Fatemeh Ekhtesari and Mehdi Mousavi are acknowledged poets both in their home country Iran and internationally. They form part of the literary movement, the Post-modern Ghazal, which is seen as the most radical poetic movement in contemporary Iran. Lately however, they have gained massive attention worldwide for the inhumane sentences that the Iranian court has imposed on them for reasons we see as basic human rights.
In October 2015, a Tehran Revolutionary Court sentenced Ekhtesari and Mousavi to respectively 11 years and 6 months and 99 lashes, and 9 years and 99 lashes, on charges of “insulting the sacred” and “spreading propaganda about the state” in the social criticism expressed in their poetry.
Their flogging sentences were a result of the charge of “illegitimate sexual relationship short of adultery.” In Iran, it is illegal to shake hands with a person of the opposite sex unless it is your immediate kin or spouse. Their sexual charges are based on shaking hands, kiss in greeting and sitting near opposite sex person.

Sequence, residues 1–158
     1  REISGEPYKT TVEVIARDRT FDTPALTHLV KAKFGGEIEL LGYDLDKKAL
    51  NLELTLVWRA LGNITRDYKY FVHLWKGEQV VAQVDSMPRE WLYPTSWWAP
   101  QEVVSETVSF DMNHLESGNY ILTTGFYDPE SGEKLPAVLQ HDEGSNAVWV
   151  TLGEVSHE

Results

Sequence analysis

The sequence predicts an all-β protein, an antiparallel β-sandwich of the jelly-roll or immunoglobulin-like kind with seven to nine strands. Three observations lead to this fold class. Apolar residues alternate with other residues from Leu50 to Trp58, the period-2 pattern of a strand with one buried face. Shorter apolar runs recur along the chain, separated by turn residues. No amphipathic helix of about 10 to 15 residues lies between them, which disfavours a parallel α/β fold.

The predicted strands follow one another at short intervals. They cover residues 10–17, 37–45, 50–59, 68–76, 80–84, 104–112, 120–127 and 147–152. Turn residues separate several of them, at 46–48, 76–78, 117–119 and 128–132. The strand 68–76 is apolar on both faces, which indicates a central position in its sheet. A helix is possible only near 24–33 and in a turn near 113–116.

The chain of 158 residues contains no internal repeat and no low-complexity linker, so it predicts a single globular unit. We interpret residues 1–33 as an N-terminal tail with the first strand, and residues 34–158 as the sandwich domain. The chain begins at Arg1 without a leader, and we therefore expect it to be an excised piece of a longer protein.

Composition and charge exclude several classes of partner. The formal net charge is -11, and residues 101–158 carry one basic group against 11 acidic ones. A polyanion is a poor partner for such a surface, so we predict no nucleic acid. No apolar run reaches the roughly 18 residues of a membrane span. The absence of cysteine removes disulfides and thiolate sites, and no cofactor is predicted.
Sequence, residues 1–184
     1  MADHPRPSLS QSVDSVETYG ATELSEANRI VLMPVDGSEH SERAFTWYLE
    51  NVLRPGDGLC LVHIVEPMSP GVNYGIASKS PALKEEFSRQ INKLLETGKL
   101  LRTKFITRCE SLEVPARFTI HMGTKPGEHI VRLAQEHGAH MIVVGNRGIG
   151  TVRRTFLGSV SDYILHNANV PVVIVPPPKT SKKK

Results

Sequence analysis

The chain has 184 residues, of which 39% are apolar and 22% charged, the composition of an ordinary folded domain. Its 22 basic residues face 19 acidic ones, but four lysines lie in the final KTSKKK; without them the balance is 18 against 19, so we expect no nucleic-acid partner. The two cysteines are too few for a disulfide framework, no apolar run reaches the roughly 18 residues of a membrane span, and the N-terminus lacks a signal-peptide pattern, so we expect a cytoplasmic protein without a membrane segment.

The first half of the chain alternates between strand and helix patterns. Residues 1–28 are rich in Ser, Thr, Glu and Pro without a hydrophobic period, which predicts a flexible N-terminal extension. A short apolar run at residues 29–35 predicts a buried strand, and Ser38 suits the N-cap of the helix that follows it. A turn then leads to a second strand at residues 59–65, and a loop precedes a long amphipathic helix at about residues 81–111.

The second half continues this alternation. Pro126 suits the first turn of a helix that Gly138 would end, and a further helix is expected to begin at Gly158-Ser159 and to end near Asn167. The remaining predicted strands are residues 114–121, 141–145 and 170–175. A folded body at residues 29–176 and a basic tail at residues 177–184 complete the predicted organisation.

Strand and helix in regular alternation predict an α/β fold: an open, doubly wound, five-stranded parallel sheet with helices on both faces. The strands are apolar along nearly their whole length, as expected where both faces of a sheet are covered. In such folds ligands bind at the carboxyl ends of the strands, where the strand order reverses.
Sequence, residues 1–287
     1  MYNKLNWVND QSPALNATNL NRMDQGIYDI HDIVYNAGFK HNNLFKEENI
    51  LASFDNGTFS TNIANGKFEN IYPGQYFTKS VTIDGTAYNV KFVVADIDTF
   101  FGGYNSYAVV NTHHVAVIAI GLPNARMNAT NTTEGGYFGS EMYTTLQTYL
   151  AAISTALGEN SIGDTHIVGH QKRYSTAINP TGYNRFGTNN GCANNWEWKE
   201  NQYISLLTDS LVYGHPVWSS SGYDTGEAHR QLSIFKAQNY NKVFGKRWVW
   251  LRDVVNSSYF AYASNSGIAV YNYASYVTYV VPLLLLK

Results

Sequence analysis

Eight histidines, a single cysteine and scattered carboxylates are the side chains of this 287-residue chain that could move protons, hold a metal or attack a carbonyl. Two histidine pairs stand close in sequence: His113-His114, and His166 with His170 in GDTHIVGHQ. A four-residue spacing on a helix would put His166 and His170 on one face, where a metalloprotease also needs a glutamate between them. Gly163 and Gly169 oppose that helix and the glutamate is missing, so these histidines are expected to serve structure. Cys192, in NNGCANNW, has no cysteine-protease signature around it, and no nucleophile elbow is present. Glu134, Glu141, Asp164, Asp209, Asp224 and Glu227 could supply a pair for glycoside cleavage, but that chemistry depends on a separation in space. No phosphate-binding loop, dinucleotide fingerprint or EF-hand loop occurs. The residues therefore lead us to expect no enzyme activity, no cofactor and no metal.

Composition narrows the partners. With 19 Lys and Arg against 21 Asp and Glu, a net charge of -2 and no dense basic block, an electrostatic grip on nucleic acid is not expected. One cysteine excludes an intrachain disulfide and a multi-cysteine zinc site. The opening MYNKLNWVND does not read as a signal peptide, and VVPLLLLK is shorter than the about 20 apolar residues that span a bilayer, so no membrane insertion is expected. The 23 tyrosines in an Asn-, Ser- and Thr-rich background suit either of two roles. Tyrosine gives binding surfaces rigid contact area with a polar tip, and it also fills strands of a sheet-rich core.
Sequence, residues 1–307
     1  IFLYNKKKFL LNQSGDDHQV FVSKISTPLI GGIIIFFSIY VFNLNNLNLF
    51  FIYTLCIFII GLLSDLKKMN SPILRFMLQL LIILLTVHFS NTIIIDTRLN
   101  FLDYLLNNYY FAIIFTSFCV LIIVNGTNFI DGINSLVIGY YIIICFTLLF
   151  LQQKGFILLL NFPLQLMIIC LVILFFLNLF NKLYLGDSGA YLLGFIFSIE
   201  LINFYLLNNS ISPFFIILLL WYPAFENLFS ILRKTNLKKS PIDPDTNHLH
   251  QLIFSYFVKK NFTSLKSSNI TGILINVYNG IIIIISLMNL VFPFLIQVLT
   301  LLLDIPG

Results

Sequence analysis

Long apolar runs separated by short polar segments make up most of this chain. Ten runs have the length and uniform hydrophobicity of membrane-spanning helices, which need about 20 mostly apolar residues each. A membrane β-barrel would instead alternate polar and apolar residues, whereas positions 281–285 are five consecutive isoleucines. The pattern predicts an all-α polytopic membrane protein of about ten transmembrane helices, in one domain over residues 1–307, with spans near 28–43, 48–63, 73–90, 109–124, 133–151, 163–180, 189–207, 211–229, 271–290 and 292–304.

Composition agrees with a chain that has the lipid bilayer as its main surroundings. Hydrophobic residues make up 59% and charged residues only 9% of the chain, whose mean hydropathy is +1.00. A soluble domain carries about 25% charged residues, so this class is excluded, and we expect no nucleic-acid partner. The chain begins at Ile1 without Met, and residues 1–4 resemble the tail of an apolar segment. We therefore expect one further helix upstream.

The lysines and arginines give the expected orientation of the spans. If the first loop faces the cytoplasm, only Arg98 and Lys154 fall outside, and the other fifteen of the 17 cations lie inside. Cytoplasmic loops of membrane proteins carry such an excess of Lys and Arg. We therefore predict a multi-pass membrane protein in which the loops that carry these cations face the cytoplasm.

One of the objections by the IRGC interrogators of both Mousavi and Ekhtesari, was that their poems were used by exiled Iranian rapper Shahin Najafi, who has been accused of apostasy by hard-liners in Iran over a song they deemed heretical. In the eyes of the Islamic Revolutionary Guards Corp’s interrogators, anyone who cooperates with an individual accused of 'insulting sanctities' is also 'insulting sanctities.'
Their sentences were appealed, but Ekhtesari and Mousavi chose to leave the country on 8th December 2015. As they were without legal travel documents, they left the country illegally, partly on foot, and has been living in Turkey as refugees until ICORN and the city of Lillehammer were able to relocate them to Norway in January, where they are granted permanent residence.
“I know we are safe here and can enjoy our freedom after so long, says Fatheme Ekhtesari, and continues: “I believe this is a new beginning. I feel like I was born again and my wounds remind me that I am still alive and passionate to continue my poetic life.”